A lot of people worry about safety overseas, so here is a collection of advice to help you stay safe and assure you there is no need to panic!
1. Money belt
Money Belts might seem silly (and I thought so when my mum gave me one!) but they are very handy. They are very cheap to buy before you go and mean that you can travel around in busy areas without worrying that someone will take your bag/money etc. as it is always on you in person and not hanging around the bottom of your chair/sliding around on a bus.
Some countries actually require you to carry your passport at all times so it’s also handy for that, rather than carrying it in a shoulder bag.
It’s also a good idea to take more than one bank card and to split these up so that you have then in different places; i.e. split across your wallet, your accommodation and your money belt. If you loose one you won’t have lost them all…
2. Large sums of money
It is often easier to take large sums of money out of an ATM because a) you don’t know when you will next have access to a cash machine and b) you incur bank charges each time you withdraw money.
I used Pacsafe Secure Shoulder Bag which means you know your money is safe (it is especially useful if you travelling after the project or on trains). You can get a few different sized lockable ‘safe’ bags from Pacsafe – some small enough for walking around a market, others big to fit in the majority of your valuables for longer journeys, including cameras, iPod’s, wallets and Kindle etc.
If you are travelling with friends it might be a good idea to buy one as a group, we shared a Pacsafe VentureSafe Travel Bag between three and it meant that we could have a peaceful night sleep on the night train not having to worry about our valuables.
3. Do not flash your valuables
Keep any valuables you have hidden and do not flash them around unnecessarily, if you have an old iPod or camera it may be best to take that rather than any brand new items. Replace any jewellery that you normally wear that is valuable with a cheaper alternative. Don’t take anything overseas that you are not prepared to get damaged or lost, just in case.
4. Blend in
Similar to above do not make yourself stand out with flash jewellery, watches or inappropriate clothing – walking around in sunglasses and shorts with your Nikon SLR around your neck just makes you look like a gullible tourist you are advertising that you are new in town and still wet behind the ears.
Instead wear local clothing or clothes that cover up shoulders, legs/knees and chest. You are less likely to be hassled if you don’t stand out as an obvious tourist and show that you have been in the area for a while. It will also be appreciated by locals that you are making an effort to fit in with their customs too which can be fairly conservative.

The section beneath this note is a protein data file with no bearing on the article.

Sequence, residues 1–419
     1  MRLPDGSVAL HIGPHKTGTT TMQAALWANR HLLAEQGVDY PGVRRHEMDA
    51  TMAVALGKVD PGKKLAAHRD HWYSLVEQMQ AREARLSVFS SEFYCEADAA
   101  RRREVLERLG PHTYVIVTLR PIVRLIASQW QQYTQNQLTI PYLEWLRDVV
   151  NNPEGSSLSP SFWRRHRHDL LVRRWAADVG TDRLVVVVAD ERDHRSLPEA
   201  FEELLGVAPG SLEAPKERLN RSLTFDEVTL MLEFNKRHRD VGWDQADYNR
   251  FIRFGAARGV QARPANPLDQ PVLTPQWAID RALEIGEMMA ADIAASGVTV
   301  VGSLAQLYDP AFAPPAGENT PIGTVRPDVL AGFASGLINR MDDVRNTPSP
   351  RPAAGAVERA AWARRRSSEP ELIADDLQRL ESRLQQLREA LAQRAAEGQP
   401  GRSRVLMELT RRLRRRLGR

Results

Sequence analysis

5. Travel in Groups
Avoid travelling alone if possible, especially after dark. If you need to go somewhere after dark in the place you are staying you can always ask your host family to escort you there. If you are staying somewhere new or you are by yourself, make friends with people staying in the same area and arrange to do visits or trips together.
6. Travel with a local
Your host family are likely to want to take you to visit places and their family, it means that you will be able to see local tourist attractions that aren’t in your guide books. It also means they can tell you about any dangers in the area and can advise you about any scams. My host family took me on two trips and both times I got to see amazing places that I would not have known existed.
7. Local Language
Learn some key phrases in the local language – it will help to show that you are not just a tourist but someone that cares about the culture. It will also help you out if you get lost and need to ask someone for directions or need advice on how to get somewhere.
8. Let people know where you are
If you are going away for a weekend or just popping out to visit another volunteer for an evening, let your family know where you are going and what time you expect to be back. Also take their number so you can keep them up to date if your plans change (quite likely if you are relying on local transport!) and it means you have a contact in case you need any help.
9. Common Sense
It may seem obvious, but if something doesn’t feel right go with your gut instinct. Use the same common sense that you would home, for example not travelling alone at night especially in dodgy areas, stay away from public demonstrations and disturbances etc.
10. Other information
Check out the FCO Check List for further advice on staying safe overseas and for specific information on particular countries.
We wish you safe travels and hope that this advice has helped to calm any nerves or worries about travelling abroad. Stay safe and enjoy your time abroad!